# Understanding $\lambda$ in the definition of Poisson distributions

I am trying to understand the meaning of $$\lambda$$ in Poisson distributions. I know that it is the average rate of occurrences of the event, but I have not been able to fully understand what that means.

In "A First Course in Probability" by Sheldon Ross, the author says that a Poisson distribution may be used as an approximation for a binomial distribution with parameters $$(n,p)$$ when $$n$$ is large and $$p$$ is small enough so that $$np$$ is of moderate size.

1. What does $$np$$ being of moderate size mean? What is considered as of moderate size?
2. Why does $$np$$ have to be of moderate size? Why can a Poisson distribution not be used as an approximation for a binomial distribution if $$np$$ is too big or too small?

Also, in other books, I read that a Poisson distribution is the limiting case of a binomial distribution when $$\lambda=np$$ is constant as $$n\to\infty$$.

Under what conditions, is $$\lambda$$ constant as $$n\to\infty$$?

I am new to probability. If someone can provide the intuition behind Poisson distributions (specifically about $$\lambda$$), I would greatly appreciate it.

• Personally, I have better understood what a Poisson distribution is when I saw Poisson processes as solutions to a differential equation as described in this answer. You need analysis techniques for understanding limit behaviors... Commented Apr 29, 2022 at 4:26
• Besides, you don't mention the exceedingly important connection of this discrete distribution with the "continuous" exponential distribution with parameter ... $\lambda$. See here Commented Apr 29, 2022 at 4:32
• Does this answer your question? What is the intuition behind the Poisson distribution's function? Commented Apr 29, 2022 at 6:07
• @KurtG. Your proposed duplicate does not answer the question here. OP is asking specifically, "Why does np have to be of moderate size?". [Thanks for comment, r.e.s.!] Commented May 5, 2022 at 18:20

This is a fantastic question, as it gets at the heart of a common misconception. The answer to the question "Why does $$np$$ have to be of moderate size?" is that it does not! The only thing that is needed for Poisson approximation is that $$p$$ is small.

To make this precise, we need a way to measure the quality of a probabilistic approximation. If $$X$$ and $$Y$$ are random variables, we define the total variation distance between them to be $$d_{\text{TV}}(X, Y)=\sup_{A} |P(X\in A)-P(Y\in A)|$$ If this distance is small, say it is at most $$\epsilon$$, then you can use the distribution of $$Y$$ to calculation the probability of an event involving $$X$$, and have an absolute error of at most $$\epsilon$$.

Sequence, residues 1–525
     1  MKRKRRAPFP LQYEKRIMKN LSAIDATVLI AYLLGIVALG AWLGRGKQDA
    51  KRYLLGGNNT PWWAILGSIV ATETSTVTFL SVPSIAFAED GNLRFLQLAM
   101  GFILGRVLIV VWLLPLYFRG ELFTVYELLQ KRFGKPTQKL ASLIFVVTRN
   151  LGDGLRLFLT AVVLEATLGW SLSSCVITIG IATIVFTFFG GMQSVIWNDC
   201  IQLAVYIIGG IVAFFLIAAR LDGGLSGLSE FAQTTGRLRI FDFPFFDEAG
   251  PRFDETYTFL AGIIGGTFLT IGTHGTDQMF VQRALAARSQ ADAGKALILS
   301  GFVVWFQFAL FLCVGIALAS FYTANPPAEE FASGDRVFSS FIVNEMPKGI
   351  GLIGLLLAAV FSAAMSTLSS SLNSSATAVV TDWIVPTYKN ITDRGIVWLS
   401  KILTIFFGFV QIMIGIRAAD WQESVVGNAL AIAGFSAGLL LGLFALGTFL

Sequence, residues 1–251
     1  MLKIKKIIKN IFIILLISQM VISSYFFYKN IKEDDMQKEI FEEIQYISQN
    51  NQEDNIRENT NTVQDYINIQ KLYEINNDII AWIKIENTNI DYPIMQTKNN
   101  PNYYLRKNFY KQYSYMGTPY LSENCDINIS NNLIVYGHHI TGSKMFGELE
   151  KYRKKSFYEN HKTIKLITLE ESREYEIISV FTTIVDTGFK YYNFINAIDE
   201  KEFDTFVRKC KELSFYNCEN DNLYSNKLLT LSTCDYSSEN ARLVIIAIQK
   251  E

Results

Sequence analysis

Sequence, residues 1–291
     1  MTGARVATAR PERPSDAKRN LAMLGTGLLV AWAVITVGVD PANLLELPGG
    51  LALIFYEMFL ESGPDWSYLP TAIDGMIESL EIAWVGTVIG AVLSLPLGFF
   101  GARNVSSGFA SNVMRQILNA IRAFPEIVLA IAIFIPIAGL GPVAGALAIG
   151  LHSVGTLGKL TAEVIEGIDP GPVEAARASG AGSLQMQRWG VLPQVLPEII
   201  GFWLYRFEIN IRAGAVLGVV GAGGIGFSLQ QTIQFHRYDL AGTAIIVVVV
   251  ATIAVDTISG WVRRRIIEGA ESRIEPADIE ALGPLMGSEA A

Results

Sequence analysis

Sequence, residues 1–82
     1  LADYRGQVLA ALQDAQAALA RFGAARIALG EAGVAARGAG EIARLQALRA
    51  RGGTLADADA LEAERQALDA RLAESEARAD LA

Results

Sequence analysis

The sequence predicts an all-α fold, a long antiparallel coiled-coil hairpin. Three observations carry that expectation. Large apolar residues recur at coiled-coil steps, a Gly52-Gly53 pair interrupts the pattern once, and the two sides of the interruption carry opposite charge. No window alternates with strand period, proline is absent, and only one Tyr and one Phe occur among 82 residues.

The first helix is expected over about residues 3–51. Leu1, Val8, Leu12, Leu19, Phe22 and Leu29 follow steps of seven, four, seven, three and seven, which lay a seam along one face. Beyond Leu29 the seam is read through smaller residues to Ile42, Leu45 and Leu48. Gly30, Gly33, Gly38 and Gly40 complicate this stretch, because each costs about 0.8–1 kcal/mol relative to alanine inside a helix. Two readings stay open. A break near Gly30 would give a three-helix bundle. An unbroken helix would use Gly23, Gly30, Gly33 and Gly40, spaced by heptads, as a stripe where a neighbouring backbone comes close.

Theorem Let $$X\sim \text{Binomial}(n,p)$$, let $$\lambda=np$$, and let $$Y\sim \text{Poisson}(\lambda)$$. Then $$d_\text{TV}(X,Y)\le \min\{p,np^2\}\tag1$$

Therefore, as long as $$p$$ is small, the quality of the Poisson approximation is good.

This same idea is true in greater generality. For a Binomial distribution, there are $$n$$ independent and equiprobable events; we can drop the requirement of equiprobability. Let $$E_1,\dots,E_n$$ be independent events, with $$P(E_i)=p_i$$ for $$i\in \{1,\dots,n\}$$. If we let $$X$$ be the number of events which occur, and let $$Z$$ be a Poisson random variable with the same mean as $$X$$, meaning that $$Z\sim \text{Poisson}(\lambda)$$ with $$\lambda=\sum_{i=1}^n p_i$$, then

$$d_\text{TV}(X, Z)\le \min\left\{\frac1{\lambda}\sum_{i=1}^n p_i^2, \,\,\sum_{i=1}^n p_i^2\right\}\tag2$$ In the case where $$p_1=\dots=p_n=p$$, we recover $$(1)$$. For a proof of $$(2)$$, see Approximate Computations of Expectations, by Charles Stein. Equation $$(2)$$ appears on page 89.

• "Moderate" is not a precise term; it just means "neither larger nor small," but large and small are subjective.

• When people say that $$\lambda=np$$ is constant as $$n\to\infty$$, it just means that $$n$$ is getting larger, and for each particular instance of $$n$$, the corresponding value of $$p$$ is equal to $$\lambda/n$$. Saying

The Binomial$$(n,p)$$ distribution as $$n\to\infty$$ with $$\lambda=np$$ constant.

means the exact same thing as

The Binomial$$(n,\tfrac{\lambda}n)$$ distribution as $$n\to\infty$$.

So, Binomial$$(10,0.5)$$ is pretty close to a Poisson$$(5)$$ distribution, Binomial$$(50,0.1)$$ is even closer, Binomial$$(500,0.01)$$ is extremely close, etc.

• Thank you so much for your great answer. Can you also explain what it means to assume $\lambda$ is a constant as $n\to\infty$? In such cases where $n\to\infty$ implies $p\to0$, is $\lambda=np$ always a constant as $n\to\infty$?
– Koda
Commented May 6, 2022 at 2:53
• @kmiyazaki See edit. Commented May 6, 2022 at 14:41
• Thank you so much!
– Koda
Commented May 6, 2022 at 19:51